After 46 years of work in his workshop, Harrison finally developed a waterproof, motion-proof clock that was accurate enough to keep Greenwich time over several months (clocks in his time often lost several minutes a day). The Board set up by Parliament to give longitude money refused to give Harrison the 20,000 pounds because his clocks had small flaws and the Board, dominated by scientists with complicated astronomical devices, considered his scheme to be too ridiculously simple-minded. King George III finally had to intervene to make sure Harrison got his money.
Ships in the Age of Discovery
Most of the ships that plied the Mediterranean in the years before the Age of Discovery—the heavy, square-rigged barca and the larger and similarly- designed Venetian carrack— were best suited for sailing with the wind. The largest square rigged carracks carried six hundred tons or more. Portuguese navigators in the early 15th century used one or two-masted barcas. Large square-rigged, three-masted carracks first appeared in 1450 and were originally designed in Venice. Their ability to carry large loads for transoceanic voyages made them the standard for ships of trade, warfare and exploration.
Caravels were introduced in 1441. These light, shallow ships were ideal for exploring rivers, bays and coastal waters. Their lateen sails made it possible for them to beat upwind. Naos, or great ships, were used in the 16th and 17th centuries on the Lisbon-to-Goa trade route. Merle Severy wrote in National Geographic, these "broad beamed, multi-decked, high in bow and stern [were] square-rigged carracks or galleons...open ocean cargo carriers routed to sail before the wind. [Source: Merle Severy, National Geographic, November 1992]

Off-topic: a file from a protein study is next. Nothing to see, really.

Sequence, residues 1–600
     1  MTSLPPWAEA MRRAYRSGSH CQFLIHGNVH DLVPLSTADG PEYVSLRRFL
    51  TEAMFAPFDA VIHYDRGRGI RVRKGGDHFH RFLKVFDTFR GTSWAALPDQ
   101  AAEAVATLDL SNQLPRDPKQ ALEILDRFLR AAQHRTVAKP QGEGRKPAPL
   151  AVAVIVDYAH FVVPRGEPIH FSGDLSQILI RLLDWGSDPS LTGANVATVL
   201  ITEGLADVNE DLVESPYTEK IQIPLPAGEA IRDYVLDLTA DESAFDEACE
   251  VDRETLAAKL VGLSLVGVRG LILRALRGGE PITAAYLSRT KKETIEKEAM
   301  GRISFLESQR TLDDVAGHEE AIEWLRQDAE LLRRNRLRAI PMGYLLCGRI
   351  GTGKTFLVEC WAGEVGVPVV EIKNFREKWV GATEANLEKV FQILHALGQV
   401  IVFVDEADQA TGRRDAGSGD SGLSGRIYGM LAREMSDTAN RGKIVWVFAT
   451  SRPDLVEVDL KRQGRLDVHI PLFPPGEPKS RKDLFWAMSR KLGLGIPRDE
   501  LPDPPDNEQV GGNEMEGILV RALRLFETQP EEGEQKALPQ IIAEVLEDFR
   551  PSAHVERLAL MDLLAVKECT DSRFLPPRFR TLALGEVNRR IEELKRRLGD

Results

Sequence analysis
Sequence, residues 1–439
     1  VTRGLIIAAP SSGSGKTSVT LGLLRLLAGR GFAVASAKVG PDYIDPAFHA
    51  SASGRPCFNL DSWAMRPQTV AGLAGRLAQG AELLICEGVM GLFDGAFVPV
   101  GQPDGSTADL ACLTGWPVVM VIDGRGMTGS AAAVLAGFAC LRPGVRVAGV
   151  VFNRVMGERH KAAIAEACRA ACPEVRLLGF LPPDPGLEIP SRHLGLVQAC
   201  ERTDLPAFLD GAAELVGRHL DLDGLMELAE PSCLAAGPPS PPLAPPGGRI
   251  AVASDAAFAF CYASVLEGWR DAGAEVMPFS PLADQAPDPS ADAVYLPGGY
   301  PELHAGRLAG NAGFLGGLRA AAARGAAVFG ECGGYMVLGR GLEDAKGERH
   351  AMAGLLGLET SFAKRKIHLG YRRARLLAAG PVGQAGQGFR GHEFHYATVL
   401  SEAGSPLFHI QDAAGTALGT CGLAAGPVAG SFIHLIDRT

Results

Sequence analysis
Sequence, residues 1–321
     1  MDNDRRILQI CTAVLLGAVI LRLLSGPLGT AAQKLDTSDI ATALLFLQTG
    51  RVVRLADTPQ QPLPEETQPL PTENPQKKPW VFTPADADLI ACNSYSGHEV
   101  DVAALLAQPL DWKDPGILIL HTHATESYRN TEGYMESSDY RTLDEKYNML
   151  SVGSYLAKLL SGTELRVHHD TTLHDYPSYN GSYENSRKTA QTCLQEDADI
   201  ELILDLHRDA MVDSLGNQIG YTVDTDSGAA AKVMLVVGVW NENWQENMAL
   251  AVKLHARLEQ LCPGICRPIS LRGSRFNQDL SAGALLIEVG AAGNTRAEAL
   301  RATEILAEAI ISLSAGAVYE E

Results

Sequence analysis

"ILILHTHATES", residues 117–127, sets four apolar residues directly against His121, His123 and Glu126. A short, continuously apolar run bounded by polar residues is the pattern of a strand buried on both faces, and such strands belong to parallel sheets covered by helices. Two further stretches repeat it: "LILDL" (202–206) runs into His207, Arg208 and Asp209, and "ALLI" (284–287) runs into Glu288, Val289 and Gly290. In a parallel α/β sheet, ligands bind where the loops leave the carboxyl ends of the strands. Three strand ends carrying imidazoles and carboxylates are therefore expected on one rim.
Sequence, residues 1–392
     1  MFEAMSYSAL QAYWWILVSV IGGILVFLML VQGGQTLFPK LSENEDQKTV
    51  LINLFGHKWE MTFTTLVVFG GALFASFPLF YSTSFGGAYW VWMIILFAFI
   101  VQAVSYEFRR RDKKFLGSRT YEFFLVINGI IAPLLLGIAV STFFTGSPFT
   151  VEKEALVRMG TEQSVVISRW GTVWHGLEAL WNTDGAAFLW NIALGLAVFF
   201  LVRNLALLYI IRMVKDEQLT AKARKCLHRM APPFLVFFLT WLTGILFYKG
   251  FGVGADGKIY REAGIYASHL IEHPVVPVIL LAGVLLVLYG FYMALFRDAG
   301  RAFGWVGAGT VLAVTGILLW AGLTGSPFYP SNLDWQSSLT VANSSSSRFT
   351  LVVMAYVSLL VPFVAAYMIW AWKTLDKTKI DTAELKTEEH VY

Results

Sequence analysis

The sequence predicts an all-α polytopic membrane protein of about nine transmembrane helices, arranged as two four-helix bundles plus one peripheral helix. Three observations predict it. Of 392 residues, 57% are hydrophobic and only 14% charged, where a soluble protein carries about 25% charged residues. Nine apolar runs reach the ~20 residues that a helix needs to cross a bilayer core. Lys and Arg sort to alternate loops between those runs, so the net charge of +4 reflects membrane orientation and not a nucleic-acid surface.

In the 17th century oak forests in Poland were cleared to supply wood for Dutch ships used in voyages to the East Indies, About 4,000 planks were needed for each ship, which lasted only one or two voyages before the wood rotted and the ship fell apart. Spaniards boiled tar to get pitch to caulk their ships. This was one of the early uses of a petroleum material.
The shipbuilders at Sangres. Portugal developed the caravel, a ship that would dominate the Age of Discovery. Influenced by Arab ships known as carvos, which had slanting, triangular "lanteen" sails, caravels could sail into the wind as well as with the wind. Caravels were small. The earliest ones displaced two tons, were 75 feet long and 25 feet wide. They had two or three lanteen sails and the small crew of 20 or 30 or so, usually slept on the deck and went below during bad weather. Columbus's Niña, Pinta and Santa María were all caravels. The Santa María was only fifth the size of the largest Venetian square-rigger of his day. [Source: Daniel Boorstin, "The Discoverers"]
The square-rigged barca could at best sail 67 degrees into the wind, while the lanteen-sailed caravel could sail 55 degrees. This meant that to cover an equal distance a barca would have to tack ten times while the caravel would tack six times. This meant that a caravel could reach a destination in two thirds the time of a barca and on a long voyage and shave off valuable weeks.